Tessier’s 1982 novel is all tease and little else; young Ned moves with his parents to a new town on the seaside, hangs out with some old geezers and has a fever dream. Somewhere along the way there are ominous hints about vague horrors… but they never really manifest themselves. Phantom isn’t just quiet horror; it’s mute as fuck.
It starts well, though, with a real-life health scare. But that’s all. A ridiculously long dungeon crawl in the middle of the slim novel brings an already glacial pace to a standstill; and to really batter the reader into a coma, the novel soon presents the reader with another dungeon crawl with very little variation.
Now the quality of writing here is excellent, there’s no question about that; but after a while it gets increasingly difficult to enjoy a novel that constantly keeps baiting the reader, yet never goes anywhere.
My disappointment is possibly multiplied by high expectations: Tessier has a great rep, the coming-of-age genre rarely fails, and the US paperback cover has a vague folk horror feel that is utterly absent in the novel itself. On the other hand, quiet horror is an acquired taste, and if it doesn’t tickle your fancy, it just comes across as so much pointless noodling. And Phantom is a stellar case in point.
Ned’s fever dream at the end, with all its surrealism, is slightly reminiscent of H.C. Andersen‘s fable The Story of a Mother. A fine piece of horror, that one. Phantom, well…
Originally published in 1982. Available in multiple editions.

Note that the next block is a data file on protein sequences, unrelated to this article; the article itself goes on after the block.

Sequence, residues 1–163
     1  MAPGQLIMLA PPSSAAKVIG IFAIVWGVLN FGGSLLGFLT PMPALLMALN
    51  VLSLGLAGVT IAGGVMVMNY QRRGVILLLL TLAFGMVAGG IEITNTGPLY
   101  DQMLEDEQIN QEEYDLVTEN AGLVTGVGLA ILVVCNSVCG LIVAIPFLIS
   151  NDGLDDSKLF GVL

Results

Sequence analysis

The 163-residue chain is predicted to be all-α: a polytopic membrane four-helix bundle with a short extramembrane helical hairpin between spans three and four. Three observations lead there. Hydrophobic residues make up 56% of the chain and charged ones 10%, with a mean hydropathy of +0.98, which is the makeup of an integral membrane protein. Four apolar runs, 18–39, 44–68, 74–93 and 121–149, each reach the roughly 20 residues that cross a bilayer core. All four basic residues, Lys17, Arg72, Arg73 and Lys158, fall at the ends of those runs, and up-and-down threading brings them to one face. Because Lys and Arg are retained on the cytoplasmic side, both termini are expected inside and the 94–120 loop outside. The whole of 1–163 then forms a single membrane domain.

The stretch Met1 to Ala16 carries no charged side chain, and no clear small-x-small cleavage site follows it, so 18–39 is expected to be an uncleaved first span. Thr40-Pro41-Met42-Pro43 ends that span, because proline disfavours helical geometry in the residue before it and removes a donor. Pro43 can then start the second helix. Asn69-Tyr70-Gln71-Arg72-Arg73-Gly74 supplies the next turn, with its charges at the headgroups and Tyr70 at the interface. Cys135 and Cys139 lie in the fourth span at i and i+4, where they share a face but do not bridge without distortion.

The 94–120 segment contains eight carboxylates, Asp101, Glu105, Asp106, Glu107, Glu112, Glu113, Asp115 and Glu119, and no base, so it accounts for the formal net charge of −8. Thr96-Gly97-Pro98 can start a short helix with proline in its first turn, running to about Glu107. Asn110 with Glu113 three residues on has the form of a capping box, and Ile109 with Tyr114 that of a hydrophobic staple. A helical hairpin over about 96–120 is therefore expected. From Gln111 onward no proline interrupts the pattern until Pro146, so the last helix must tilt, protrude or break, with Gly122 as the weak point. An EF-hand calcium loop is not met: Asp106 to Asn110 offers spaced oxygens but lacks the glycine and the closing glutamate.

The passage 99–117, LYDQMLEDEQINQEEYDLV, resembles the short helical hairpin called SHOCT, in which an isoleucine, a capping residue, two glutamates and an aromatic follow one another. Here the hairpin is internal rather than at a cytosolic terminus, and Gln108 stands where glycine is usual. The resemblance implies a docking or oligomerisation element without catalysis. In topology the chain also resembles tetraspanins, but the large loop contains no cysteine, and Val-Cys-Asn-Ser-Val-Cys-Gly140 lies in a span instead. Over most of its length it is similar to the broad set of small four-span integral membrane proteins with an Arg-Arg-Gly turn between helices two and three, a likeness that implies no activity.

The name’s a dead giveaway – it’s quiet horror in this 1992 novel by Maine’s foremost Finnish-American author. In the 17th century, a witch heading for the gallows curses the land around her. Later, a mill is built on the grounds, but by the 1960s it has long been abandoned. Two young brothers, Eddie and Mikie, enter the mill with a group of boys, only for one of them to get seriously injured in a fall. In the present day, Eddie’s son Brian and new wife Dianne discover what haunts the old mill.
Witches and ghostly voices abound, but the story’s about the living; the characters are haunted more by their fears and past actions than anything supernatural. Eddie himself carries guilt about the accident at the old mill, which saw one of his friends paralysed and Mikie sent to a mental asylum. Dianne has a near-fatal accident that echoes the fall at the old mill, and undergoes a painful recovery. Brian has difficulties with Dianne, probably simply because she’s his new stepmother and he’s a moody adolescent.
The mentally unbalanced brother, Mikie, appears later in the novel as a minor threat, but Hautala manages to make his portrait a complex one, with shades of sympathy. This is the novel’s greatness; nobody in it is simply good or evil, even the witch and the spirits are mostly victims of bad circumstances. Surely this sort of depth and understanding is far above and beyond an average Zebra horror author’s paygrade.
Hautala’s mannerisms – the overuse of italics and exclamation! marks – are present, but unlike in Little Brothers they seem moderate, and don’t draw attention to themselves. Subtlety has clearly triumphed over cheap cheesiness.